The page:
European Commission launches infringement against Poland over controversial judicial reforms

Bruno Cirelli
Luglio 29, 2017

The European Commission has launched an infringement procedure against Poland over the ruling Law and Justice Party's plans to exert greater control on the national court system, which the former says is a threat to the rule of law in Warsaw. Poland was given a month to respond.

According to the European Union executive's assessment, the new law allows the Polish Minister of Justice to exert influence on individual ordinary judges though, in particular, the vague criteria for the prolongation of their mandates thereby undermining the principle of irremovability of judges. According to the law published, while decreasing the retirement age, judges will be allowed to have their mandate extended by the Minister of Justice for up to ten years for female judges and five years for male judges, under an inexistent time frame, allowing the Polish government to retain influence over the judges concerned for the remaining time of their judicial mandate.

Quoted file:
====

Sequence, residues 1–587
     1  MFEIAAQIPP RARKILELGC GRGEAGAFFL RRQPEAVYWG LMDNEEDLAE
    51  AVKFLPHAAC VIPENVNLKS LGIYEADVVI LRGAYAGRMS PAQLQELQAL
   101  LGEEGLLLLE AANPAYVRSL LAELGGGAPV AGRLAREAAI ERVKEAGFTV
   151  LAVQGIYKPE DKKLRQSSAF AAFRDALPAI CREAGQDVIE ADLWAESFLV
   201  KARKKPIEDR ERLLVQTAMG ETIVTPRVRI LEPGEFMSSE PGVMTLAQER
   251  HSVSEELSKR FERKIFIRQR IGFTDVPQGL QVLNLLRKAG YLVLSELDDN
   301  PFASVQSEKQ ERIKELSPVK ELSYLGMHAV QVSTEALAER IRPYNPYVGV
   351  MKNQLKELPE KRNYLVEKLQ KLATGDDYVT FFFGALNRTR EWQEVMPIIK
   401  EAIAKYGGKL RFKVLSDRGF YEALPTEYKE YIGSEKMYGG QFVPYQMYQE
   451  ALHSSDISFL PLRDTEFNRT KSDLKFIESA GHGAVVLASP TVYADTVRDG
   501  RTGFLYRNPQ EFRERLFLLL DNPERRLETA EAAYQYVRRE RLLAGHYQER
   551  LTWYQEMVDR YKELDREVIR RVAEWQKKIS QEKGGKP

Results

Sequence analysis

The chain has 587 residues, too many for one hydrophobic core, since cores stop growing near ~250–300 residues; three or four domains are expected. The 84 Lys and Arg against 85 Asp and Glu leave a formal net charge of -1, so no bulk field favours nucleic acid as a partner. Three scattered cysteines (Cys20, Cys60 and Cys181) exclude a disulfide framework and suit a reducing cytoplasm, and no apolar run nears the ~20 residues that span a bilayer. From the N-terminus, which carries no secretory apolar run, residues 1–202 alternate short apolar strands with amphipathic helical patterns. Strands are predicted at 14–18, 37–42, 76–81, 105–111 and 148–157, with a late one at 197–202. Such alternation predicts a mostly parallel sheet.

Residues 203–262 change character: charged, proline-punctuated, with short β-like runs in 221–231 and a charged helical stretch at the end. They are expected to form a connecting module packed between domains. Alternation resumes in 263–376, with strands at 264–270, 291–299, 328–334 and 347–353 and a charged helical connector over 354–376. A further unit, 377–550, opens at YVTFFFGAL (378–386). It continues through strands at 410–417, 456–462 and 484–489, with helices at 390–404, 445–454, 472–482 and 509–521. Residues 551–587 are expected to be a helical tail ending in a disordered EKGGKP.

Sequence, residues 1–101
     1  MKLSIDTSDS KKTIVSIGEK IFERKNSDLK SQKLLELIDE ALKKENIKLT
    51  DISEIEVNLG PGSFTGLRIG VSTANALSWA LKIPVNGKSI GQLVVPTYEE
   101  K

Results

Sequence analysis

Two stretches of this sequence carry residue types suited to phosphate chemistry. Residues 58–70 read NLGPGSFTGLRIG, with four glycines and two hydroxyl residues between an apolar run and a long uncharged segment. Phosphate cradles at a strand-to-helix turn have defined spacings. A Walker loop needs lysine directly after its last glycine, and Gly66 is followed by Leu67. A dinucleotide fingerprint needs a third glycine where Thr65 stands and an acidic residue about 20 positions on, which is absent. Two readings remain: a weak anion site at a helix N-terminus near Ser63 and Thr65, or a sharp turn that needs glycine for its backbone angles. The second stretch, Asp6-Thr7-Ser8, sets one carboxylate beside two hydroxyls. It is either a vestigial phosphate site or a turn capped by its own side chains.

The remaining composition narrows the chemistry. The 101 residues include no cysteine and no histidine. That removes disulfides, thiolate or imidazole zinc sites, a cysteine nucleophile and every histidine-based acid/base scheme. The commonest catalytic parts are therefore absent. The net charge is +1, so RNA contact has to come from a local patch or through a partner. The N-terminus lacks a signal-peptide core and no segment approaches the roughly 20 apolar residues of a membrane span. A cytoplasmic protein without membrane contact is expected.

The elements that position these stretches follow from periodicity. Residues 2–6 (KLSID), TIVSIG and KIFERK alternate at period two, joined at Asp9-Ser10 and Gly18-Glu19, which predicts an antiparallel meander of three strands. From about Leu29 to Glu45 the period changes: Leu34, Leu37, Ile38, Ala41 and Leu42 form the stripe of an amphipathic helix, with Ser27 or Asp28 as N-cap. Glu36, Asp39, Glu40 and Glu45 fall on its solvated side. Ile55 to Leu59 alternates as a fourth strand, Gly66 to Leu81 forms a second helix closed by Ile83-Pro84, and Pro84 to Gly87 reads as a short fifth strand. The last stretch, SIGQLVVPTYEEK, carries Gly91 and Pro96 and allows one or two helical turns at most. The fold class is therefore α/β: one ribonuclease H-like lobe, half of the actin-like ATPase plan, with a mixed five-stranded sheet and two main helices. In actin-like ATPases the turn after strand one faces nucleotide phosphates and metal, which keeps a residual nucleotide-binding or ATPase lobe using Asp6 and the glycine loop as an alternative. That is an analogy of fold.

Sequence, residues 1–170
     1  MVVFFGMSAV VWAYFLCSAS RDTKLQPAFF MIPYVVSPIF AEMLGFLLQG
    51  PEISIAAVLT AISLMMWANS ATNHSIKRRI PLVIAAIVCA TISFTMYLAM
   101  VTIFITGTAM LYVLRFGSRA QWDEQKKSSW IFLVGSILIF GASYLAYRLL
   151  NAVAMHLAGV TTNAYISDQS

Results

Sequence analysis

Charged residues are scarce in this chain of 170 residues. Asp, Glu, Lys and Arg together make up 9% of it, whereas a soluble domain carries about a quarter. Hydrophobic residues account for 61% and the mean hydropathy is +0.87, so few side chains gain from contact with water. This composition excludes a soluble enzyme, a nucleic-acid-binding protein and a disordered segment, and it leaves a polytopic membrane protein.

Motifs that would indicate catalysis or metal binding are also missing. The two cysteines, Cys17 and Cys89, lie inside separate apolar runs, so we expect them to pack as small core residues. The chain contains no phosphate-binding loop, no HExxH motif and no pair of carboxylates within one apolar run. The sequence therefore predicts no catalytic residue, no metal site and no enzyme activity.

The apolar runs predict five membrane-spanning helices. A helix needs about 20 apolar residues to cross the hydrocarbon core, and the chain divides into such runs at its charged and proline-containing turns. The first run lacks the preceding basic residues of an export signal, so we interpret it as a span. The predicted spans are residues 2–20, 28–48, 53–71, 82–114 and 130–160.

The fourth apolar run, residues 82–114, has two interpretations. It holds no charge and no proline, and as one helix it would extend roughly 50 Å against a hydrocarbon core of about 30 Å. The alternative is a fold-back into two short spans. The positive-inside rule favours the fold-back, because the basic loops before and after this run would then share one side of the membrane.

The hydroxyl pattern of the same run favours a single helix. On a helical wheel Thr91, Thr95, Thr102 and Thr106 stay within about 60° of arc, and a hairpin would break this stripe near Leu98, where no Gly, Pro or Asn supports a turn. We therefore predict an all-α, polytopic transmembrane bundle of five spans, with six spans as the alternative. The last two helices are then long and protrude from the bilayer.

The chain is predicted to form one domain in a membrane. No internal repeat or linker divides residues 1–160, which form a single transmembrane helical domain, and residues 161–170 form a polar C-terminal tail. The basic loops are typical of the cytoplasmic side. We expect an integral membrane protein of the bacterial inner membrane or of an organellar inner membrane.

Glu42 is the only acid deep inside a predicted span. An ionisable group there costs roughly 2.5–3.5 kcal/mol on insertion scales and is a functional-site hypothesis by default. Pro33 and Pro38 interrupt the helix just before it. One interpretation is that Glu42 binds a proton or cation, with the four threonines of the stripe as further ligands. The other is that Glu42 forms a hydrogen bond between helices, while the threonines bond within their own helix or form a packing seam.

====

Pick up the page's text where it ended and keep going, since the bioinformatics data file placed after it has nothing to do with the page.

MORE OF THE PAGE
On Friday, First Vice President of the European Commission Frans Timmermans sent a letter to Poland's foreign minister inviting him and the country's justice minister to meet in Brussels to discuss the issue.

Earlier this week, Timmermans warned that the European Commission could act on Article 7 of the EU treaty, suspending Poland's EU voting rights, if Warsaw proceeds with the law. However, he signed into law the bill on ordinary courts.

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